Credit: Christina Pahnke/Euroleague Basketball via Getty Images
Credit Christina Pahnke/Euroleague Basketball via Getty Images

Last June, Maccabi Playtika Tel Aviv parted ways with Othello Hunter after two years of harmonious collaboration. Both sides had agreed to a 1+1 contract extension in 2020, but the club decided to use its opt-out clause.

Hunter, a 35-year-old EuroLeague veteran, was very clear about his intentions from the moment his time in Israel was officially over.

"As people know, I was thinking about retiring this summer," he tells BasketNews from Athens, where his current team, FC Bayern Munich, will lock horns with Olympiacos Piraeus on Wednesday night.

"It was just everything: my two years at Maccabi, the great first year, then COVID, the missiles and all that stuff... I just wanted to sit back and think about life, mainly. I thought that my family - my daughter and my wife - was more important to me.

It wasn't basketball, it was more about life. Just looking at how short it is. At that moment, things can happen that can change a lot of stuff in our lives," he further explains.

However, the 2019 EuroLeague champ with CSKA Moscow did not let teams know that he was unavailable. Apart from the ones closest to him, no one was aware of the situation he was going through and the things he had on his mind.

"The only people who knew were my wife, my two agents, and some friends. Everybody was like: "No, man! You can't do it."

"At one point, the love of the game left me completely. I thought I was done with this basketball stuff. I was playing with people who didn't want to win. We were at a high level and then low... I was tired of it. A lot of things had piled up," Hunter reveals.

As he was sitting back, reflecting on life, Hunter got a call from his agent, who came up to him with an interesting proposal. It had been almost three weeks since he was released from Maccabi and his basketball future was highly uncertain.

"I know you're not thinking about basketball, but there's the coach from Bayern who wants to talk to you," Hunter recalls his agent telling him.

Free throws this season

Points made: 14,1
Accuracy: 80,8%
Place in standings: 3
Record max: 23
Record min: 7
Most made FTs: Vladimir Lucic

Andrea Trinchieri, the gregarious, larger-than-life personality who led Bayern to their first-ever EuroLeague playoffs in 2021, is a well-known and widely-respected figure among his peers, not to mention players.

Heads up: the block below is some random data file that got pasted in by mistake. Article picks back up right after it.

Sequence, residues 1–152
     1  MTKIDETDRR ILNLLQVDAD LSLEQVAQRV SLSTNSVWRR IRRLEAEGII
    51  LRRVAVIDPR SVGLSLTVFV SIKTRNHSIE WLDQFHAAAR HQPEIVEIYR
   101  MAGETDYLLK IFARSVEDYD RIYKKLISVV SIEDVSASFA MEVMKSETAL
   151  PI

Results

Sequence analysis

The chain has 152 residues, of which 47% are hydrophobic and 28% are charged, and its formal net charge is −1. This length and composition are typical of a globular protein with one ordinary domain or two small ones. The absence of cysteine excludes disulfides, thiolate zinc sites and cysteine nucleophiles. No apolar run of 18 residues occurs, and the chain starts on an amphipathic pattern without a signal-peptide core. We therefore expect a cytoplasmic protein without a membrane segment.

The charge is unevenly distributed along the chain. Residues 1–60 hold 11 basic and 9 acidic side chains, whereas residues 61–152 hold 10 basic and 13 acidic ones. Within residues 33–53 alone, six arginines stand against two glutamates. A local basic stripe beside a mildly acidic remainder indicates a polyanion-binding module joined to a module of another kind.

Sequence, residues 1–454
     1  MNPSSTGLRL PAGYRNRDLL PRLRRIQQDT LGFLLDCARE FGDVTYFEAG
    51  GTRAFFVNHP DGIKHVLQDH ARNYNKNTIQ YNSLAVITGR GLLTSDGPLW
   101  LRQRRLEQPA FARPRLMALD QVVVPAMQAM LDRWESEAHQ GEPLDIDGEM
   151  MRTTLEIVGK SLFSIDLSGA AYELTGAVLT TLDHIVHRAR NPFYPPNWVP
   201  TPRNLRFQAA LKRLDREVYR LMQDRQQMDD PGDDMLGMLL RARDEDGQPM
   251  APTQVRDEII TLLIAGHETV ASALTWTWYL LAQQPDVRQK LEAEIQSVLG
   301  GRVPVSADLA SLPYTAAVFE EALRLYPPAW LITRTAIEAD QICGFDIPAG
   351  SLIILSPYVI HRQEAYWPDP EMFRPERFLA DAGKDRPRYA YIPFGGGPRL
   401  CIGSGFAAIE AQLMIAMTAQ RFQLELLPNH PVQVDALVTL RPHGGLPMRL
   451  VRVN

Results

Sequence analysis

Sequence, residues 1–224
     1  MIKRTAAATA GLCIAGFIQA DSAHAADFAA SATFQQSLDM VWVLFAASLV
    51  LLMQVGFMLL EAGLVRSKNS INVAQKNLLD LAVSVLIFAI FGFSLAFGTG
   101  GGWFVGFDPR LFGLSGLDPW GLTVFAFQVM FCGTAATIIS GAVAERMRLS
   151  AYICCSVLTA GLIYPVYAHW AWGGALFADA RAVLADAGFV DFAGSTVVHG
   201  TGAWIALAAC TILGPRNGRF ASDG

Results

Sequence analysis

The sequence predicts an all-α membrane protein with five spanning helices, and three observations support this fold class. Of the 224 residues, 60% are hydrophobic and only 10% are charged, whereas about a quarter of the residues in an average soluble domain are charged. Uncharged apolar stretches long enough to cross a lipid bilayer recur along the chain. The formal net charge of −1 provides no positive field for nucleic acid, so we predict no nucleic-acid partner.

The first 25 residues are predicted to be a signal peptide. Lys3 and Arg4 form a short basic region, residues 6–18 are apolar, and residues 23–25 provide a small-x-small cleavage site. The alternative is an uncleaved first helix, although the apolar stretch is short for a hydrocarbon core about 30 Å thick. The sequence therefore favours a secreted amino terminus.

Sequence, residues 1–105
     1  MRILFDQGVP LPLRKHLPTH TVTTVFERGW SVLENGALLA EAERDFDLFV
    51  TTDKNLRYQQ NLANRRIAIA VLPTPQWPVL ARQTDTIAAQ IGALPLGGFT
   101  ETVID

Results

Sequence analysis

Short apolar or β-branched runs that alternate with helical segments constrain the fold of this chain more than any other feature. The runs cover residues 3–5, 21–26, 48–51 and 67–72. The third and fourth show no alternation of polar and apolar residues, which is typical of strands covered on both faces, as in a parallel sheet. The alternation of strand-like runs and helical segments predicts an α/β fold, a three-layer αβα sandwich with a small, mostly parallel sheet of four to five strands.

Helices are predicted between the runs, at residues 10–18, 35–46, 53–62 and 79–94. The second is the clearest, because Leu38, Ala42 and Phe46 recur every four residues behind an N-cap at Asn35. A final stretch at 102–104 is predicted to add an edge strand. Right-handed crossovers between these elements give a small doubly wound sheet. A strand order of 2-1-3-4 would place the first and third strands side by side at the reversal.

As it turned out, the Italian coach was the right person to get Hunter out of any retirement thoughts.

"I knew who he was, and I was always intrigued by him as a player," the experienced big man confesses. "I thought: "Man, he seems like a cool person! I could play for him."

We talked and he was surprised to see that five minutes into the conversation, I was like: "Hey, I'm going to play for you. So, let's not worry about anything. I will get the job done". So, I went back to working out."

The case might look weird on the outside because Hunter had been playing for winning teams for most of his overseas career. He made his first EuroLeague Final Four with Olympiacos in 2015, and then again for three years in a row (2017-19) with Real Madrid and CSKA.

Maccabi were also in a good spot in 2020, but then COVID broke out, and the season was cut short. Hunter explains that being part of an elite team doesn't mean that everything is good.

"You have to adjust to playing for certain teams. I'm that type of person because I can adapt pretty well."

Credit Sputnik – Scanpix

He then brings up an example that hit him.

"My Olympiacos days were pretty stressful. We were winning, but outside the court, it was fun. We all hung out together, our families also. When we would go on the court, it was business. But sometimes, the stress from the up top goes to the coach and then trickles down to the players. I was kind of over it," he says.

In any case, Trinchieri doesn't remind him of any of his former coaches, including current Olympiacos's bench boss Giorgos Bartzokas, Pablo Laso at Real Madrid, Dimitris Itoudis as CSKA Moscow and Giannis Sfairopoulos at Olympiacos and Maccabi.

"No, he's totally different," Hunter says. "As a person, he's great. I've learned a lot from him about life, basketball, and all the things he's interested in. As a coach, he prepares us for each match like every other coach I've had.

But the difference between him and them is that he strives for perfection. That's the big thing," he points out.

However, some similarities and comparisons are to be made between how defensive-minded, and refuse-to-lose Macabbi's 2019-20 version and Olympiacos between 2014 and 2017 had been. Their common denominator is Sfairopoulos.

"I think it was the same," Hunter confirms. "One, he didn't have so much pressure when I got to Maccabi. He was very calm, then his whole demeanor changed," he points out.